Biddle A, Watson L, Hooper C, et al. Criteria for Determining Disability in Speech-Language Disorders. Evidence Report/Technology Assessment No. 52 (Prepared by the University of North Carolina Evidence-based Practice Center under Contract No 290-97-0011). AHRQ Publication No. 02-E010. Rockville, MD: Agency for Healthcare Research and Quality. January 2002.
Approximately 42 million Americans have some type of communication disorder, costing the nation $30 billion to $154 billion for lost productivity, special education, and medical care annually. The quality of the numerous evaluation procedures and instruments for clinical decisionmaking about language, speech, or voice disorders influences decisions about access to services and funding (e.g., special education services, Social Security disability income). The RTI-University of North Carolina at Chapel Hill Evidence-based Practice Center conducted a systematic review of the literature to address two key questions about evaluating and diagnosing speech and language disorders in adults and children of particular concern to the Social Security Administration in making disability eligibility determinations: (1) What instruments have demonstrated reliability, validity, and normative data? (2) Do these instruments have predictive validity for an individual’s communicative impairment, performance, or both?
We conducted detailed searches of the English-language literature from 1966 to October 2000 using the MEDLINE, CINAHL, PsycLIT®, ERIC, Health and Psychosocial Instruments, and Cochrane Collaboration databases.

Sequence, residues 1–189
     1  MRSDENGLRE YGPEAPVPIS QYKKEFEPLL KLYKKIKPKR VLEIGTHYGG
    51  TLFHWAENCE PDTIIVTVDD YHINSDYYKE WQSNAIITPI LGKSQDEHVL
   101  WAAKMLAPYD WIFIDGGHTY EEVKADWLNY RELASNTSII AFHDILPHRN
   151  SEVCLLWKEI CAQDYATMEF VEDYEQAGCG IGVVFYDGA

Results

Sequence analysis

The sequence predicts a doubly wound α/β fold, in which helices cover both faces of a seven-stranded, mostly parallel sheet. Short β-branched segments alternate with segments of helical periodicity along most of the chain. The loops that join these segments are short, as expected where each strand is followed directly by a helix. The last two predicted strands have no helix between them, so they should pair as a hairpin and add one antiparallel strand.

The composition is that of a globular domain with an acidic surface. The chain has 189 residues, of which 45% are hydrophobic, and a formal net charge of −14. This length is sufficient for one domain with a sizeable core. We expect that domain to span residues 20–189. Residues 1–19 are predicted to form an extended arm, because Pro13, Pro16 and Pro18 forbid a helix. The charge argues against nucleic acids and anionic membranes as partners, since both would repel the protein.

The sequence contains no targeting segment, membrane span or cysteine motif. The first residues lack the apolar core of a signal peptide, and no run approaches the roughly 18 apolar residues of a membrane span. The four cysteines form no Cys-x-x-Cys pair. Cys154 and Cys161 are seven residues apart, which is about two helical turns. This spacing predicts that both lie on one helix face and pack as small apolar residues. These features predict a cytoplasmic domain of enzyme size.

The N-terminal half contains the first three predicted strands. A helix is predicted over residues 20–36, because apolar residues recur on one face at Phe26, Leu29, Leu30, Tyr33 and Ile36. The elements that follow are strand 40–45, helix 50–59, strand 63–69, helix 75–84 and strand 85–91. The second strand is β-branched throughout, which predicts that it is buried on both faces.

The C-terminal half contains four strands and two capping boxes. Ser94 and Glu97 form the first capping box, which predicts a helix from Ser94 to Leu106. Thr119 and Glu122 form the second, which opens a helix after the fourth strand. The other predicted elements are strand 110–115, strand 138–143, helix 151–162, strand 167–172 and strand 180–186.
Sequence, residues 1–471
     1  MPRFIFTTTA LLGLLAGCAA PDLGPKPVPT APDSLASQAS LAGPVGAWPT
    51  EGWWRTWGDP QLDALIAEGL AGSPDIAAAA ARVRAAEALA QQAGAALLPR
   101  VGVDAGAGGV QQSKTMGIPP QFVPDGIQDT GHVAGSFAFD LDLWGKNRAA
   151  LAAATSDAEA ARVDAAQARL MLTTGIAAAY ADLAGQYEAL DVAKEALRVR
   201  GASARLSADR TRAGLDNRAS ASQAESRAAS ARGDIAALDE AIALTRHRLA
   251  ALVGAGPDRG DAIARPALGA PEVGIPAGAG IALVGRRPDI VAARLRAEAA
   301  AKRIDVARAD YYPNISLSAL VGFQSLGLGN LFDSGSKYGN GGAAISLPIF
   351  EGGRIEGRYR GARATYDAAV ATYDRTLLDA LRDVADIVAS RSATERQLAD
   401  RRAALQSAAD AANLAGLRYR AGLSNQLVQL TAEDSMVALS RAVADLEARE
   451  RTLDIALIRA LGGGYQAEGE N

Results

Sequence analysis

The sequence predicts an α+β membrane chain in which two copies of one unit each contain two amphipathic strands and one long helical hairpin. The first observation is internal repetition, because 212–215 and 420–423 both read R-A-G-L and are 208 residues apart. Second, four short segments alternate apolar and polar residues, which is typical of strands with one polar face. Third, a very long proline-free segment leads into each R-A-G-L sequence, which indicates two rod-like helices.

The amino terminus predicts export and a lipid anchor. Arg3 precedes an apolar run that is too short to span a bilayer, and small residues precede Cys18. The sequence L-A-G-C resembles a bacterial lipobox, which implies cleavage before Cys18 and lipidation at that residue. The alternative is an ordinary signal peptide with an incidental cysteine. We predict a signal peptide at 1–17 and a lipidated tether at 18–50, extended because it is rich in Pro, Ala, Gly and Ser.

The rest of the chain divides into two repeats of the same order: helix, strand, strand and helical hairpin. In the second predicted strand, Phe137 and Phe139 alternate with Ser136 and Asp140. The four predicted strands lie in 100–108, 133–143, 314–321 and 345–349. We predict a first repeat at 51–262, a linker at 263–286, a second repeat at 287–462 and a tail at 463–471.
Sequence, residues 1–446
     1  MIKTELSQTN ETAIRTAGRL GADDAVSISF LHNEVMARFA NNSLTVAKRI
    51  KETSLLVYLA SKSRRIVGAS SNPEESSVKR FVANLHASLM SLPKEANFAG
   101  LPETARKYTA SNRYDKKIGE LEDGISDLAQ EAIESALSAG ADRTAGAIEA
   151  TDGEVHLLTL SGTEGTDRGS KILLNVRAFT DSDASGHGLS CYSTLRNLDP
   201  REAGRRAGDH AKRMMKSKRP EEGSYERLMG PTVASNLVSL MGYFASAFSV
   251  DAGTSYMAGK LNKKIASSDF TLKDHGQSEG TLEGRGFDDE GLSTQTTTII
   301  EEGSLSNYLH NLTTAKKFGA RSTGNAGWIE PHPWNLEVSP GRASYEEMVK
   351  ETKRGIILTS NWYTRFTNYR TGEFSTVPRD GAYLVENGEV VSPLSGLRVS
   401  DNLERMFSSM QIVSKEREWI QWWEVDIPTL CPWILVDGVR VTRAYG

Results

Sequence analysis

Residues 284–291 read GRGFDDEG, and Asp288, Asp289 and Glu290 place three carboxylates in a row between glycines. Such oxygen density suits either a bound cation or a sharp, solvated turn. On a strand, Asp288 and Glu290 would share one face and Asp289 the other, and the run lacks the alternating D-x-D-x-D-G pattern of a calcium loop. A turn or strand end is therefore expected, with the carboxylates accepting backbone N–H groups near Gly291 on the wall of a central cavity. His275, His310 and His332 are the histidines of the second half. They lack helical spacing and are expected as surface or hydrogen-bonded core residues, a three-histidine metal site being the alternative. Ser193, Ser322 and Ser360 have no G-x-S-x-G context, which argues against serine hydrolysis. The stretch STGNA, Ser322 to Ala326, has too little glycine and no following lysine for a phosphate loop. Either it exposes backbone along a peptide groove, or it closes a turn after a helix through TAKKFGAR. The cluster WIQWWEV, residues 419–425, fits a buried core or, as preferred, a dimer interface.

We included all English-language research on 18 instruments for children and adults in which investigators evaluated the instrument’s reliability, validity, or ability to predict future communicative impairment or functioning. Excluded were articles reporting the efficacy or effectiveness of specific interventions that did not provide information on the key questions, articles providing normative data from non-US populations, and all gray literature (i.e., literature not from peer-reviewed sources) except instrument manuals. An independent expert panel knowledgeable in language, speech, or voice disorders had identified the instruments we reviewed.
Data Collection and Analysis
We selected studies from among 1,238 citations using a process of duplicate, independent review of titles, abstracts, and, where necessary, full papers. We abstracted data on 92 articles or manuals, using single abstraction with subsequent review by clinical and methodological experts; reviewers also completed quality rating forms. Criteria used to evaluate reliability, validity, and other data reflect widely accepted or known standards for the psychometric properties of such instruments.
Among language disorder instruments, one (of three) for adults and four (of eight) for children met or nearly met our evaluation criteria for reliability and validity; two child-specific instruments provided data for subpopulations. Although these five instruments had norms, only the child-specific instruments provided nationally representative data. Two (of three) instruments for voice disorders met evaluation criteria; speech disorder instruments did not. Only four studies gave information on prediction of future communicative functioning and impairment.
Reliability and validity data for the majority of instruments rarely came from peer-reviewed literature; instrument manuals yielded most such data. Some manuals provided comprehensive data from well-conducted standardization studies; most did not. Because normative data were usually not derived from nationally representative samples, generalizing results beyond the populations studied was difficult. Sample size and representativeness problems limited the predictive validity studies. Overall, evidence about diagnostic or predictive properties of instruments addressing language, speech, and voice disorders is weak and incomplete at this time. The sparse evidence base suggests a substantial methodologic, clinical, and policymaking research agenda.